Versace: “Last season was about elegance,” Donatella Versace said before her show. “This woman is still elegant, but with less control.”
Perhaps so, but Donatella sure wasn’t speaking of herself. In the collection she showed on Friday, the designer was in total control, with a slick approach that made for one of Milan’s best collections. Donatella claimed, too, that the show was “pure Versace,” with nothing of the Sixties, Seventies or Eighties. But part of the Versace mystique lies in sex-and-sizzle Eighties glam, and she worked that mood to the hilt — minus the excess. Pure Versace also means star power, and Donatella roped in Christina Ricci and Courtney Love, who turned up with her daughter Frances Bean Cobain. On the other hand, Bruce Willis was escorted by some burly bodyguards to protect him from those dangerous fashion editors.
On the runway, the Versace vixens strutted their stuff with hair teased high into big, powerful French twists, their shoulders aggressive but manageable. Donatella kept the volume on top, cinching the waist with wide power belts over short, tight skirts.
She opened with white, insetting drapey jersey with strips of white leather, matte or patent. And she pushed the slick mood further with a patent trench and skirt that put the rich into the current Rich Bitch fascination. She also showed bold prints and enough fabulous Grecian draping to clothe Olympus. But then, while so many others this season have studied the classics with all the devotion of restless dilettantes, at Versace, they’re a hallmark of the house.

Miu Miu: Plain-Jane prettiness with a military touch — that was Miu Miu’s message for spring. And as a disappointing Milan season waned, it offered welcome relief from all the Mudd Club wannabes out there, many of whom have by now assumed a generic bridge-and-tunnel look.
After her recent preoccupation with romantic whimsy, Miuccia Prada is clearly in a subdued mode. At Miu Miu, that attitude stopped short of austerity, as Prada gave in just a little to a latent predisposition for flirtation: Really sober girls don’t go in for multicolor high heels worn with taupe ankle socks. Aside from that little flourish of color, however, and some touches of red, Prada worked almost exclusively in a palette of military anonymity — khaki, gray, navy, Boy Scout brown.
The shapes were sexy in a no-nonsense sort of way: tiny knitted tube tops and skirts, cargo microminis, jackets and shirtdresses shaped by wide cinch belts. And if those pleated and dirndly skirts will look dowdy on all but the thinnest of bodies, Patrizio Bertelli has gone on record with his lack of concern for older, imperfect customers. As for Miuccia’s penchant for fallish knits — if fur is okay for springtime, why not mohair? And while she worked mostly in sturdy cottons for everything else, she gave in to romance with wispy white dresses, gently flounced. Even the plainest Janes like to get their frills.

Gianfranco Ferre: Why Africa? Very simply, Gianfranco Ferre says he’s been seduced by it — even though he’s never been there. Before his show, he said, “It is a country full of energy and fantasy. This collection is my dream of Africa.” An elaborate dream, to say the least — sometimes spun with charm, but more frequently with excess and extravagance.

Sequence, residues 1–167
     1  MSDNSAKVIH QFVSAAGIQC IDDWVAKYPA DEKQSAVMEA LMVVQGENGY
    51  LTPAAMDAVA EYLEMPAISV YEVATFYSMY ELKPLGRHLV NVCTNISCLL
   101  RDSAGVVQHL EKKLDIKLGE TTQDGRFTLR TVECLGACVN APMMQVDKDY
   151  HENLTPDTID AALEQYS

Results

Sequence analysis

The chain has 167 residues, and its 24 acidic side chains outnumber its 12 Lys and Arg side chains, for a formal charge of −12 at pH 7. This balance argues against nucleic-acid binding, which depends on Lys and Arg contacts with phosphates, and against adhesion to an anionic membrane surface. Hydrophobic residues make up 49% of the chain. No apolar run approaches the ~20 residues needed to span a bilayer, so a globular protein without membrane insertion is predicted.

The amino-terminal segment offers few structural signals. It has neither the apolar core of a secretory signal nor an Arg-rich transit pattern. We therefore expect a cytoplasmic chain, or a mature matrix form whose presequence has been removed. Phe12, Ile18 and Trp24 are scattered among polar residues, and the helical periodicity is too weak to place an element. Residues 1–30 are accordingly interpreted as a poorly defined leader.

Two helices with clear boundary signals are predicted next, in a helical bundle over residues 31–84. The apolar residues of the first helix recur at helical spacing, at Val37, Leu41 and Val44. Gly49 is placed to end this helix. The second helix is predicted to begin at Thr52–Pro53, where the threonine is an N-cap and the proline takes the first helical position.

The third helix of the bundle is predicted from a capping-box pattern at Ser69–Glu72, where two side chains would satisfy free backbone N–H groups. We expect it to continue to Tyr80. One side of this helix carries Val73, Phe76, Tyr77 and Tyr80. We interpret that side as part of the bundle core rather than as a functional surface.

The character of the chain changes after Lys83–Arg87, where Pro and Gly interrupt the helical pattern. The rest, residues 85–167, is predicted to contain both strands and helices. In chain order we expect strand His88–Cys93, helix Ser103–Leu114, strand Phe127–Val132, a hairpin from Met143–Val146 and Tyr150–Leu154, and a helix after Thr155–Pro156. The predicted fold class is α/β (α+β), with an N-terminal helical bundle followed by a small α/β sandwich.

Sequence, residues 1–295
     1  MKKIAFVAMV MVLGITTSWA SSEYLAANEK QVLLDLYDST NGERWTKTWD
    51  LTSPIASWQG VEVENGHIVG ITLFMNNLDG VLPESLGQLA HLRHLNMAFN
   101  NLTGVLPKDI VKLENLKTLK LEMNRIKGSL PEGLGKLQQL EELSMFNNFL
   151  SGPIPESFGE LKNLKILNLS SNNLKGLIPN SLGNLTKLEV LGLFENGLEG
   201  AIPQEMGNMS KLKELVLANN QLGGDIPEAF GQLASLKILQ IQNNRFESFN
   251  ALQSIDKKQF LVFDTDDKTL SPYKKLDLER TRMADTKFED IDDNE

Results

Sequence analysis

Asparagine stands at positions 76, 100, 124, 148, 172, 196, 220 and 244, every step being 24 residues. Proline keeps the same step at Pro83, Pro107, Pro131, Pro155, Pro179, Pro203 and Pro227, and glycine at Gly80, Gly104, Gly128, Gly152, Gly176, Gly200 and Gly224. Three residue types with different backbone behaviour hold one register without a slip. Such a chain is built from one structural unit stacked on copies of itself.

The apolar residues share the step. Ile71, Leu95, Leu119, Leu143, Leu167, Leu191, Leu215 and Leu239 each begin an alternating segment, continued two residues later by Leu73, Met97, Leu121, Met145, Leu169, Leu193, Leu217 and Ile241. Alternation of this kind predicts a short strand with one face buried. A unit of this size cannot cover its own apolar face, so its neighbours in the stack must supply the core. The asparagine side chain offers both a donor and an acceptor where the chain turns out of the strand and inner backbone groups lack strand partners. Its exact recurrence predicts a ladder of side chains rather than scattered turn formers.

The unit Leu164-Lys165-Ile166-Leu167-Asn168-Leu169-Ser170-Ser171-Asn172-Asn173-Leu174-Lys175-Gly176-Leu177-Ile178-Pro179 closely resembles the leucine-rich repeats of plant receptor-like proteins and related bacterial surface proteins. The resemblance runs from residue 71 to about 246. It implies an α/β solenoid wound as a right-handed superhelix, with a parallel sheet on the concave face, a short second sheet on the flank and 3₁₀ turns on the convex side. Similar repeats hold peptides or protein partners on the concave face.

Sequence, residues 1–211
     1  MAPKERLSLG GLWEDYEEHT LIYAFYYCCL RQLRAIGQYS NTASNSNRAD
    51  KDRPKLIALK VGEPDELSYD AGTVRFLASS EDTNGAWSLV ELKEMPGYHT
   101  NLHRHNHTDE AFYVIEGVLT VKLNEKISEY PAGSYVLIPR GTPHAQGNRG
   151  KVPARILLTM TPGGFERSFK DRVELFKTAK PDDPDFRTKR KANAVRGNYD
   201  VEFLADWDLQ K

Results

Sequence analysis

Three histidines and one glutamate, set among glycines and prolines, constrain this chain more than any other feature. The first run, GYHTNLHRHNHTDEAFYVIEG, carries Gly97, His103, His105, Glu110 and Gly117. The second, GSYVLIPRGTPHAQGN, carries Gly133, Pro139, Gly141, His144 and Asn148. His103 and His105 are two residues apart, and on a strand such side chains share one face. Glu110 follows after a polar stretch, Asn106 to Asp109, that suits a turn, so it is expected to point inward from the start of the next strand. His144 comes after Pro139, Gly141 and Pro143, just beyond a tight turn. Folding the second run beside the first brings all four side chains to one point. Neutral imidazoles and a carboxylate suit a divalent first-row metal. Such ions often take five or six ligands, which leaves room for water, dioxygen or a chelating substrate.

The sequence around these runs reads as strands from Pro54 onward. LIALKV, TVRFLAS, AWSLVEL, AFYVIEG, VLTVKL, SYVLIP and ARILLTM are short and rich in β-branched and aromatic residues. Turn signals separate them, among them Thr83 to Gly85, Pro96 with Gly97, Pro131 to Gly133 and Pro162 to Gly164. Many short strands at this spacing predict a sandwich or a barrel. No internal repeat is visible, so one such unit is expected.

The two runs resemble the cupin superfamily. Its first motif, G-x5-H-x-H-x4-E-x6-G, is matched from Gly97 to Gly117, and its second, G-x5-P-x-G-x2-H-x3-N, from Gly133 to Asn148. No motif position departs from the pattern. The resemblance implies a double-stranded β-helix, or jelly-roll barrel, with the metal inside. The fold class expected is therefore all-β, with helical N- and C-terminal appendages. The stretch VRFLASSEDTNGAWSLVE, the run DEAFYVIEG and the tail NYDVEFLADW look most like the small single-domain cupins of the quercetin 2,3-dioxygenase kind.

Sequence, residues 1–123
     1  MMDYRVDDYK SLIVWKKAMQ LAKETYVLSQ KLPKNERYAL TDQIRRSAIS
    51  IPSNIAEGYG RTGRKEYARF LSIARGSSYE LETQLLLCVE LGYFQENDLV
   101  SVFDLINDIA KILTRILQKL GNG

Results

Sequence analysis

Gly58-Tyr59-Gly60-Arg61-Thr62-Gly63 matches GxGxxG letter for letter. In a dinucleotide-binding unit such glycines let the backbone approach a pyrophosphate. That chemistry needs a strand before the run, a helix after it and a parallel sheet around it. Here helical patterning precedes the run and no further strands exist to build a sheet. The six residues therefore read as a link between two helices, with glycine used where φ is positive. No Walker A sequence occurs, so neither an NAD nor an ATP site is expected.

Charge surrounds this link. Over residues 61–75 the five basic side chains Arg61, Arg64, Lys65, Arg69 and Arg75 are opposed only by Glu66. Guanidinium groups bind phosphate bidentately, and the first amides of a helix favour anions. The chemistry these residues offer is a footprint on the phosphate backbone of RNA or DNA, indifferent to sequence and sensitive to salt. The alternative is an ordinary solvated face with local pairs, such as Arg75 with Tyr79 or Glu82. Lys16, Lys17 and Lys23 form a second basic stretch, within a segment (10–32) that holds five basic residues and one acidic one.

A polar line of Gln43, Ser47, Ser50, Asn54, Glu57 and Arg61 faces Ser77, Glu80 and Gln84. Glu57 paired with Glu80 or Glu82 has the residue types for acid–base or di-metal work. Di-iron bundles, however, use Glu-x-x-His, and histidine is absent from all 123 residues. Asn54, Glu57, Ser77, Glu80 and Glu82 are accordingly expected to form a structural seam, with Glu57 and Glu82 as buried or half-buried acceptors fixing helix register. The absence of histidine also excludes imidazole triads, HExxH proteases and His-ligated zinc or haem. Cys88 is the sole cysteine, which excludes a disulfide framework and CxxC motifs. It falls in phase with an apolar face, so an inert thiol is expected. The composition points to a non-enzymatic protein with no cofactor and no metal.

Forget about safari fare. Think opulence, body painting, ceremonial dress, tons of accessories. And who needs Isak Dinesen when you have the likes of Naomi Campbell? Ferre turned python into sexy fringed dresses or skinny, second-skin pants; put full body stockings printed with tribal markings under white shirtings; paired black and white caviar-beaded bustiers with blanket shawls or intricately constructed jackets; and, for evening, wrapped his women in yards and yards of rich Madagascar silks. Want more? How about armloads of bangles, African beaded necklaces, cuffs, towering heels and the finale — super-Masai Naomi in a sexy red minidress made entirely of strands of African beads that swished with her every move. Pretty heavy dreaming.

Boss Hugo Boss: Talk about a tuxedo junction — one that made for a strong debut of Boss Hugo Boss. In this season of relentless Eighties look-alikes, designer Grit Seymour took a novel approach — her own.
Throughout, Seymour dissected the classic look and its various parts, tweaking the jacket, reworking the cummerbund and riffing on the ruffled shirt. Her coats were slim-cut and buttoned low; her sleek coatdresses and narrow shorts showed off Boss’s precision tailoring.
When she moved beyond the tailored looks, Seymour, who used to be part of the Donna Karan design team, also scored with a series of sexy black draped dresses. She even used a little asymmetry now and then without getting too artsy.
According to her show notes, Seymour’s inspiration was her hometown of Berlin. Maybe so, but her no-nonsense, confident approach hinted at the work of Hamburg’s hometown heroine, Jil Sander. But Seymour interpreted pared-down chic her way, and her cool reassessment seems like the right fit for Hugo Boss. Next spring, New Yorkers will get to judge for themselves when the new collection hits major stores as well as Boss’s new flagship on Fifth Avenue.

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